Projections of service worker employment generally on target
June 18, 1999
Since the 1960s, BLS projections of service employment usually have been accurate. In each of the periods shown in the chart, actual growth in employment of service workers was within 10 percentage points of projected growth.
In two of the periods, 1968-80 and 1980-90, actual and projected growth were almost identical. The growth rates were also fairly close in the two periods beginning in 1960. The largest difference was in the 1984-95 period. Employment of service workers was projected to grow by 20 percent, when in fact it increased by 29 percent.
Data on projections are produced by the BLS Employment Projections program. Service occupations include workers in private households and in the fields of cleaning and building service, food preparation and service, health service (such as dental assistants and nursing home aides), personal service, and protective service. Find more information on the accuracy of employment projections in "The quality of BLS projections: a historical account," Monthly Labor Review, May 1999.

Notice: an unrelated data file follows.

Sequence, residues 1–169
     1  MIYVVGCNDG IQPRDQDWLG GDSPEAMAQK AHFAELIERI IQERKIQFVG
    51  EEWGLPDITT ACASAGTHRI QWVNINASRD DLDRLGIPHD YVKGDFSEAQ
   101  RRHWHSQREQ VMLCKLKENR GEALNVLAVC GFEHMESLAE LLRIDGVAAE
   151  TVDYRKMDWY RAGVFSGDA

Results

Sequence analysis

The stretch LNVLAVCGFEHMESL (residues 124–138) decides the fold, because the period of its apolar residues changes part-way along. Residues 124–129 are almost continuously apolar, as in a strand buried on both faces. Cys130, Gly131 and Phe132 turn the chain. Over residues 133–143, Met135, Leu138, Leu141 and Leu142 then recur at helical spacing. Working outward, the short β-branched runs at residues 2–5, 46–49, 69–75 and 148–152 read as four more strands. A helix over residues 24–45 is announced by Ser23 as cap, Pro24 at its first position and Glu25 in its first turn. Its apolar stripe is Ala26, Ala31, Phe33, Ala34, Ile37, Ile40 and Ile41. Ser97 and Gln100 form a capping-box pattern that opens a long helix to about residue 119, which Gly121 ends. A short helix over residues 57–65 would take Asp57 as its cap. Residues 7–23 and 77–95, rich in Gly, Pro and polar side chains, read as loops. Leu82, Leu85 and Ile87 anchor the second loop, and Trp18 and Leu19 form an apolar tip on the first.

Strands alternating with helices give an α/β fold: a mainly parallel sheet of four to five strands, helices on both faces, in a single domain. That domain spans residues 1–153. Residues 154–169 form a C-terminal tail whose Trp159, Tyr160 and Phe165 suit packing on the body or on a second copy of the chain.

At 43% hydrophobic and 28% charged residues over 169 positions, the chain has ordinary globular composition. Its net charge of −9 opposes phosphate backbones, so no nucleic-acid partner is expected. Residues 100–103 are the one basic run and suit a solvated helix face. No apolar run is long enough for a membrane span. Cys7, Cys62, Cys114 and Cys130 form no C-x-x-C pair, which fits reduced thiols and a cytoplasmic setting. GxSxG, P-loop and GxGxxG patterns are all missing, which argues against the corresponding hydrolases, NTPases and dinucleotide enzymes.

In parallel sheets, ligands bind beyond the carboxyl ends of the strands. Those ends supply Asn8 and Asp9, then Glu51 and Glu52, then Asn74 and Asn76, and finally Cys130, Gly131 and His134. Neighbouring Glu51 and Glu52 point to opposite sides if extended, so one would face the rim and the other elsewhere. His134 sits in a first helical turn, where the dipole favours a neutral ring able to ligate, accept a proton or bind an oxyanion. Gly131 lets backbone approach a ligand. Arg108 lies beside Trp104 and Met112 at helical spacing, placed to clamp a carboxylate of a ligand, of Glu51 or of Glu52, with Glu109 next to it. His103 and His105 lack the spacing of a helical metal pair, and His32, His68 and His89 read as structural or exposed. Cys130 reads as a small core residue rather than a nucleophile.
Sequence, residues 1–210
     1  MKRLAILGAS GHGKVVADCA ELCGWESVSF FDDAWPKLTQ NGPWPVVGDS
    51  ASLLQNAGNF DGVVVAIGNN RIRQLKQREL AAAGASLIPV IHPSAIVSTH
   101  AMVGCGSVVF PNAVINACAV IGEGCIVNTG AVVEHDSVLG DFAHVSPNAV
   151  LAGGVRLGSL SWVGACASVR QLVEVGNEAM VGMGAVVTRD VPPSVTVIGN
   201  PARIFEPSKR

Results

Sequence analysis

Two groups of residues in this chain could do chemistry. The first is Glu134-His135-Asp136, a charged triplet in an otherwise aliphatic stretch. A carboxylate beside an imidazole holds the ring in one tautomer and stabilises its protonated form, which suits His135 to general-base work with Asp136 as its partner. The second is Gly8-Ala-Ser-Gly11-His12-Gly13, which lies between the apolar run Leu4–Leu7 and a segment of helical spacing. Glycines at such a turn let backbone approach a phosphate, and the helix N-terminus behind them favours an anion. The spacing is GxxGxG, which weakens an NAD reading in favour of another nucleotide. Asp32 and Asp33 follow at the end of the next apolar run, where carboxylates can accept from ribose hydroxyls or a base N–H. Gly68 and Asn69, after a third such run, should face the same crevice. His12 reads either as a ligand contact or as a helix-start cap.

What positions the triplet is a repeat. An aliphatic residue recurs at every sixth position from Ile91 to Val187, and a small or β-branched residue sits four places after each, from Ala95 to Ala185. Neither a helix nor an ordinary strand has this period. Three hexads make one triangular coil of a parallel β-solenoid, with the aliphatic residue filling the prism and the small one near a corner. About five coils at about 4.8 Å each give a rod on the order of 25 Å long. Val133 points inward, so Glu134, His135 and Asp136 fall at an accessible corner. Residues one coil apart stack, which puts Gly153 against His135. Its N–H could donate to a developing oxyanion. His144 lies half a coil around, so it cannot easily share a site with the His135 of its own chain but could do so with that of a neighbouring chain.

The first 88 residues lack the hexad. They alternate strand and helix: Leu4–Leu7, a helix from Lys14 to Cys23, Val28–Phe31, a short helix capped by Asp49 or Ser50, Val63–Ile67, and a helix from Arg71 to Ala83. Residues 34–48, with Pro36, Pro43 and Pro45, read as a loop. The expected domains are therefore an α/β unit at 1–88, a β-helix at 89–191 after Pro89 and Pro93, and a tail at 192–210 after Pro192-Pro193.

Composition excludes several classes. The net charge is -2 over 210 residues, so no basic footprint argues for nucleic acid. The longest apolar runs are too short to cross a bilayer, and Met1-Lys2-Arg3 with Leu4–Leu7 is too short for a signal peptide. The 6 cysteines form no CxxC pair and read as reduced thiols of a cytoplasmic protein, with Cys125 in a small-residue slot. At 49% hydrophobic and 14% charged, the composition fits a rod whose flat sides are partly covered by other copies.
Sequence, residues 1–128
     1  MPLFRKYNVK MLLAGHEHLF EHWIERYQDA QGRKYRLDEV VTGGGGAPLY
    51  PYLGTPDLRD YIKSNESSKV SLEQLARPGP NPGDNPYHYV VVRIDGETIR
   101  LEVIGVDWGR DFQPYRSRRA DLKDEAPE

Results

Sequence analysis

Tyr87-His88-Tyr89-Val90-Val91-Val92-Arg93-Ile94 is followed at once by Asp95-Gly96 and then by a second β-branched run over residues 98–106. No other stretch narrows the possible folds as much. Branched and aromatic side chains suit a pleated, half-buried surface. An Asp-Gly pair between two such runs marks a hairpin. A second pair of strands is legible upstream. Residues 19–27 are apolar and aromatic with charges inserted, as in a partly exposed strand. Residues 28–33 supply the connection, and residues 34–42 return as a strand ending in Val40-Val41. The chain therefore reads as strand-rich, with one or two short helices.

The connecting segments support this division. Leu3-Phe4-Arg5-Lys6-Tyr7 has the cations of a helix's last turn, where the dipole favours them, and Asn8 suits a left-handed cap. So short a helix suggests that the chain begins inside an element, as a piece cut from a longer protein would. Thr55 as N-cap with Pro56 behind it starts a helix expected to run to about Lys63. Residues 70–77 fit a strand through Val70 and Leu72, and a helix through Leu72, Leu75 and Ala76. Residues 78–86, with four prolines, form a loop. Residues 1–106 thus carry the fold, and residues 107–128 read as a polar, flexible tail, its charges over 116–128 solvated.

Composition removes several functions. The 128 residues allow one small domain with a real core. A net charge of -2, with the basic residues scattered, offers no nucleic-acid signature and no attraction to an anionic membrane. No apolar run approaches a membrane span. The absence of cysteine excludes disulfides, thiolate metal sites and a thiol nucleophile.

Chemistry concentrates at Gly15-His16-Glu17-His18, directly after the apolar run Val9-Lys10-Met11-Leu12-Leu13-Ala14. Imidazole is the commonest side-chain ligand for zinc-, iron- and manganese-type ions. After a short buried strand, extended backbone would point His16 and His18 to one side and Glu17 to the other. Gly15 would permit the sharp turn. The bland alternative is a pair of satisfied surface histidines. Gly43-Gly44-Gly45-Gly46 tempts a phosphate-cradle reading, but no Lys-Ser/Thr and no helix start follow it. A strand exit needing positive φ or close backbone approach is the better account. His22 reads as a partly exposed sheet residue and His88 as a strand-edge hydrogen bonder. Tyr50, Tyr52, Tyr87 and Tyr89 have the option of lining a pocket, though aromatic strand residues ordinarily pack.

Bureau of Labor Statistics, U.S. Department of Labor, The Economics Daily, Projections of service worker employment generally on target on the Internet at http://www.bls.gov/opub/ted/1999/jun/wk3/art05.htm (visited December 04, 2016).
Recent editions of Spotlight on Statistics
Workplace injuries and illnesses and employer costs for workers’ compensation
Workplace injury and illness data and the costs to employers for workers’ compensation in natural resources, construction, and maintenance occupations.
A look at the future of the U.S. labor force to 2060
Projected long-term trends in the growth, size, and composition of the labor force.
Union membership in the United States
Historical trends in union membership among employed wage and salary workers; union membership by a variety of demographic characteristics.
A look at healthcare spending, employment, pay, benefits, and prices
Spending on healthcare, current and projected employment in the industry, employer-provided healthcare benefits, healthcare prices, and pay for workers in healthcare occupations.
Self-employment in the United States
Trends in self-employment by various demographic and socioeconomic characteristics, including both the unincorporated and the incorporated self-employed, as well as data on paid employees who work for the self-employed.